Home secretary Amber Rudd has announced new plans to restrict students and professionals from India and other non-EU countries as part of the British government's move to deliver Brexit, dismaying leaders in higher education and other sectors.
The plans announced during the Conservative Party conference in Birmingham belied promises made during the European Union (EU) referendum campaign that leaving the bloc would make it possible to have an immigration policy that would make it easier for professionals and others from non-EU countries to come to Britain.
The plans will add to perceptions in countries such as India - from where student numbers have drastically come down in recent years because of visa curbs - that Britain is less welcoming for international students than competing countries such as Australia and Canada.
British companies that hire Indian and other non-EU professionals were told by Rudd that they should invest more in training British workers. More hoops will need to be crossed under the plans before a non-EU professional is hired in the post-Brexit situation.
Launching a consultation on entry rules for foreign workers and students, Rudd said the tests that employers had to undergo before recruiting from abroad had become "tick-boxing exercises" and too often resulted in British citizens being discriminated against.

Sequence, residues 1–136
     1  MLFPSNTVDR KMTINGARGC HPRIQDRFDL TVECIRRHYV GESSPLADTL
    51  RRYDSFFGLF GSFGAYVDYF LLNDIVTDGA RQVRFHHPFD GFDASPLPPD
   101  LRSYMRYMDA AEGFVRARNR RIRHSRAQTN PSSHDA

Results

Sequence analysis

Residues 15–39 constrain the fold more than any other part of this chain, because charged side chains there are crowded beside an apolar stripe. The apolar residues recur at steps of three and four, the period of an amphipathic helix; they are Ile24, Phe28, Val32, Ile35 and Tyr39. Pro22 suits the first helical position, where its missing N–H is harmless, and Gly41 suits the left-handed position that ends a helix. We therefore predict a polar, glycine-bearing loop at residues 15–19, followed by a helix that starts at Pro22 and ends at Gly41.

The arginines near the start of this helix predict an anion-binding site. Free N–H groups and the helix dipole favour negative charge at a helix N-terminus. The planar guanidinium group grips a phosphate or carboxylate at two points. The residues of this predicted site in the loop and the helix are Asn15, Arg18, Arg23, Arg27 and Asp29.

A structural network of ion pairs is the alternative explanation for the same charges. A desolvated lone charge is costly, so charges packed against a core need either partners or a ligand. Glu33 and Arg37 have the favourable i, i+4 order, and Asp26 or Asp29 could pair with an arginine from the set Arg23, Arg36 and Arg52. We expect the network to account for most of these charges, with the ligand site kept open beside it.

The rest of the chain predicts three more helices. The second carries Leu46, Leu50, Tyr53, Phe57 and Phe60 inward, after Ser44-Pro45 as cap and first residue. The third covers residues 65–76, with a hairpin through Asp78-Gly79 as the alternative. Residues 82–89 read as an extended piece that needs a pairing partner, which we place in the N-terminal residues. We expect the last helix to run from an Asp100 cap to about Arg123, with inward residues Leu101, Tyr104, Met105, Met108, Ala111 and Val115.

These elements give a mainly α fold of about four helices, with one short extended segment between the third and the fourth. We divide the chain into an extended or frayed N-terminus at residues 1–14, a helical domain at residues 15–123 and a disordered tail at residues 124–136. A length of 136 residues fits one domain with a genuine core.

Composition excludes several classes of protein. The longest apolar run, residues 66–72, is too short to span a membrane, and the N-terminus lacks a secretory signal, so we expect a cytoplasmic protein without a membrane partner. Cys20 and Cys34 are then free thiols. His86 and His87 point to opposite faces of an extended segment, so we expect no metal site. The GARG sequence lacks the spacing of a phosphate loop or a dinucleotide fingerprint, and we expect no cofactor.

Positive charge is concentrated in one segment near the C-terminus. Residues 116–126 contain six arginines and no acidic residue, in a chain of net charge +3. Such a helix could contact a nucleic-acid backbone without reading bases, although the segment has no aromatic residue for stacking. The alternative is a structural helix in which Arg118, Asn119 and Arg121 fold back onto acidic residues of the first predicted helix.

"The test should ensure people coming here are filling gaps in the labour market, not taking jobs British people could do," she said. "So I want us to look again at whether our immigration system provides the right incentives for businesses to invest in British workers."
Rudd noted that she was committed to attracting the best students from around the world and said the current system too often "treated every student and university as equal", with insufficient consideration given to the contribution they could make to the UK against obligations they placed on the state.
"Foreign students, even those studying English language degrees, don't even have to be proficient in speaking English. We need to look at whether this one-size-fits-all approach really is right for the hundreds of different universities, providing thousands of different courses across the country,” she said.
"And we need to look at whether this generous offer for all universities is really adding value to our economy. This isn't about pulling up the drawbridge. It's about making sure students that come here, come to study."
The plans delighted anti-immigration pressure group Migration Watch, which said: "These are very welcome steps forward. The number of non-EU migrants coming to the UK is at 190,000 a year, many of whom appear to be students who are not leaving after their courses have finished.
"The referendum underlined public concern about immigration so it is only right that the government addresses all aspects of the problem.”